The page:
Most causes of urinary incontinence in men pertain to the health of the prostate, a gland which is located below the bladder and in front of the rectum, surrounding the urethra. The prostate naturally enlarges as men age, in some cases leading to benign prostatic hyperplasia (BPH), which interferes with urine flow.
Beilan said male urinary incontinence may be a reality of postsurgical life, especially following the removal of the prostate.
"Potential sexual side effects are usually related to the underlying root cause of the urinary incontinence," he said. "For example, a patient may have his prostate surgically removed for a history of prostate cancer, and such an individual is at increased risk of developing both stress urinary incontinence and erectile dysfunction."
Physical means to minimize urinary incontinence
Regardless of the "why," physical measures can be taken to prevent further accidents.
"For men with severe urgency and urgency incontinence, doing 'quick flicks' with quick Kegel muscle contractions can distract the brain enough to postpone urination," Cohen said. "Other distraction techniques can be helpful. Voiding on a schedule to prevent these urgent events is usually the best approach—prevention rather than treatment."
Kegels are useful, as are a gamut of other physical exercises to stymie urinary incontinence.
"Specialized physical therapists will work on multiple things, including muscle tone, biofeedback, manual manipulation and more," Beilan said. "It's a great noninvasive approach that can have long-lasting results."
He said men can perform a Kegel by squeezing their pelvic floor muscles in an attempt to prevent an urgency incontinence episode. They can flex as if they are trying to interrupt their urine stream, hold it for 20 seconds and release, being sure to exhale as they go.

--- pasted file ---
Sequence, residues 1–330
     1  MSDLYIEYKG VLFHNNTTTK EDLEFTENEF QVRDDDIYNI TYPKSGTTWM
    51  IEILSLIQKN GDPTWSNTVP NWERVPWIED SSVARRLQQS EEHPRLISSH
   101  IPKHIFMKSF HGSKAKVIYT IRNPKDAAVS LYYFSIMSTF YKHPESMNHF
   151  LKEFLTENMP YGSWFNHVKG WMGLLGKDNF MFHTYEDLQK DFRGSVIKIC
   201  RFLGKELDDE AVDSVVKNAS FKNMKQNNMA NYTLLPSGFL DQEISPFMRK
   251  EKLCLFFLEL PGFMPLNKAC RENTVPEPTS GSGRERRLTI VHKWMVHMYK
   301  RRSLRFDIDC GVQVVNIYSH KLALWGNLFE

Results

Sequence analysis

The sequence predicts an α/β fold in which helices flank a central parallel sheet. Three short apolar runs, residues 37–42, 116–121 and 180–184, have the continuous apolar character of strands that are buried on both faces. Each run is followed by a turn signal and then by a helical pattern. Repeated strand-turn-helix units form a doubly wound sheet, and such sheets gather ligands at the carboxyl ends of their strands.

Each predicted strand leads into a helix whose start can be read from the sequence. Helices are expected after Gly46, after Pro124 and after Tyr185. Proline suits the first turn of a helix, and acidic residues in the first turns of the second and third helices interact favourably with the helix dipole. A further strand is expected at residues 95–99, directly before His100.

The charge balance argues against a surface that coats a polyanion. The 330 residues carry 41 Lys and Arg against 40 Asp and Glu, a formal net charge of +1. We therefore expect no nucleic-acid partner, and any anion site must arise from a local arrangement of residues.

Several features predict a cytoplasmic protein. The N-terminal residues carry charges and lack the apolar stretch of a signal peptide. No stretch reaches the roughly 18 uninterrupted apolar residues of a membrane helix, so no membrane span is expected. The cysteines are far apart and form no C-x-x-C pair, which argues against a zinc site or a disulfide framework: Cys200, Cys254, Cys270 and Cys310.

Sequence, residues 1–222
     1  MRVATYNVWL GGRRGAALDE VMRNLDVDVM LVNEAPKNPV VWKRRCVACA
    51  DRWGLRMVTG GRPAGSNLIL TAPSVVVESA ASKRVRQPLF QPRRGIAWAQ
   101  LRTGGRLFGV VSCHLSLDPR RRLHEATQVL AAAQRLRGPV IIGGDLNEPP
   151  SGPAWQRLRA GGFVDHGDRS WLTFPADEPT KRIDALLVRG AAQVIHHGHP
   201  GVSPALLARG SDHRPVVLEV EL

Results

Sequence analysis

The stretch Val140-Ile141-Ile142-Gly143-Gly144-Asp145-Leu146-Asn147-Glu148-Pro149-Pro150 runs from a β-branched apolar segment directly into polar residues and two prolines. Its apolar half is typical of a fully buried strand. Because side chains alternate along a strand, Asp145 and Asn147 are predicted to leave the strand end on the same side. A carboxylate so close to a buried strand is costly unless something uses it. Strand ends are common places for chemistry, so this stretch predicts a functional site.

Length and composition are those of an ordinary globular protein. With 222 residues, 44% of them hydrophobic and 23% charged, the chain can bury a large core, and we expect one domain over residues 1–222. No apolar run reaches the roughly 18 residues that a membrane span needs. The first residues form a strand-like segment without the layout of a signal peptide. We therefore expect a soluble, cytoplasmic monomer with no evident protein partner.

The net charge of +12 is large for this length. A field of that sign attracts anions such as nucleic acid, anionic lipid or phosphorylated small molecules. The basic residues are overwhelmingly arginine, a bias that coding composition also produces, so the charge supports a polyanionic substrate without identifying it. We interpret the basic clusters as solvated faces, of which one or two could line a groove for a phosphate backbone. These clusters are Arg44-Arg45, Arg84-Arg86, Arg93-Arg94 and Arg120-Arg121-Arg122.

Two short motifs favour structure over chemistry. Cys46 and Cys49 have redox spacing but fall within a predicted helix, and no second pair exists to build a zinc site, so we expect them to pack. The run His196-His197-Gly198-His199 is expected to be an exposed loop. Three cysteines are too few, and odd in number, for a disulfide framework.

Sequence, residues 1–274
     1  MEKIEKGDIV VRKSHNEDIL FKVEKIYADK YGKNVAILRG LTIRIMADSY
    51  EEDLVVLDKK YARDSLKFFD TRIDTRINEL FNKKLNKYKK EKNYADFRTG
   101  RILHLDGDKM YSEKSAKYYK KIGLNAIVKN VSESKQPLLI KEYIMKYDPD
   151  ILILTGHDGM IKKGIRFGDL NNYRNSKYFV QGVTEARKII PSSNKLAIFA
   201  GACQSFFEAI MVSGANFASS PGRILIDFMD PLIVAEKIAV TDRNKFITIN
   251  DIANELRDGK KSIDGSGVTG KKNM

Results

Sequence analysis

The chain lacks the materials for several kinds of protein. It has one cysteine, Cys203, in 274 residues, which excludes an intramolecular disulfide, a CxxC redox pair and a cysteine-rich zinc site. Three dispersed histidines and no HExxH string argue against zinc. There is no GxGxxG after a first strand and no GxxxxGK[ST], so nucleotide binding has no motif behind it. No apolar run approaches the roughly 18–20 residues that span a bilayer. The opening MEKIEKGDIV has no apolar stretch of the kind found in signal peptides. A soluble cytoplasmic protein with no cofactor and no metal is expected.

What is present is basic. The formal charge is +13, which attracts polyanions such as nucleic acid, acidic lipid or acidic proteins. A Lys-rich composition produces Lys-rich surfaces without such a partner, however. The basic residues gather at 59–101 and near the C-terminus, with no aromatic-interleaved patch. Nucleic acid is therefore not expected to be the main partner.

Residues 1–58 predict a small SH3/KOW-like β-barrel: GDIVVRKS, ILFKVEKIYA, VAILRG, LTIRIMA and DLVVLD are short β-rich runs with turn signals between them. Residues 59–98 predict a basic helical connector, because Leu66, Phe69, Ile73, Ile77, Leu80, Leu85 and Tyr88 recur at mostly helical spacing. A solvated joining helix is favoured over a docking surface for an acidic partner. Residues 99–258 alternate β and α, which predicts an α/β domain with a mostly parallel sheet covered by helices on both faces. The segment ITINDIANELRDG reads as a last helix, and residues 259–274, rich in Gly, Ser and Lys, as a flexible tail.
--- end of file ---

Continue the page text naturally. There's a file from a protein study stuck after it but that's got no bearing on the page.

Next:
"Oftentimes, the sense of urgency will fade, at least temporarily," Beilan said.
Simple preventive measures can be taken against nighttime accidents.
"Avoid drinking two or three hours before bedtime," Cohen said. "Set an alarm and use a bedside urinal to avoid falling in the dark at home. Ask your primary care doctor about risk factors for sleep apnea, as sometimes that can be a major reason why men have voiding issues at night."
In extreme or persistent cases, men may need to explore some special features and adult diaper options.
"Adult diapers are often recommended in cases of florid or retractable stress urinary incontinence," Beilan said. "There are a good handful of brands, ranging from light to heavy, hypoallergenic to waterproof."
Given the diversity of adult diapers, the options don't end there.
"Absorbent sleeve, incontinence wraps, condom catheters, pads of all weights and sizes, and/or diapers are available for men with leakage issues, no matter the cause," Cohen said.
Cleveland Clinic estimates 1 in 3 adult Americans struggle with some kind of urinary incontinence. The issue may seem overwhelming and the results embarrassing, but answers and solutions are readily available.